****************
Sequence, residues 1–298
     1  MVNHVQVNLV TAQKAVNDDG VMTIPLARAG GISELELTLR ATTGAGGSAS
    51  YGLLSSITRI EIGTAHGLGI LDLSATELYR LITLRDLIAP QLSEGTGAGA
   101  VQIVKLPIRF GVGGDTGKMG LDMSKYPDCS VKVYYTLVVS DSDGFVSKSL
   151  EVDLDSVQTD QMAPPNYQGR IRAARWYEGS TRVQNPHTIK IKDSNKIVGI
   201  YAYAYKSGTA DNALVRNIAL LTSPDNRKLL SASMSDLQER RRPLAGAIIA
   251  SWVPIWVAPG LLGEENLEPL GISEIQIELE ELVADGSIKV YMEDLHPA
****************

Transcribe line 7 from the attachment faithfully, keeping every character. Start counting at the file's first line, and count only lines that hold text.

   251  SWVPIWVAPG LLGEENLEPL GISEIQIELE ELVADGSIKV YMEDLHPA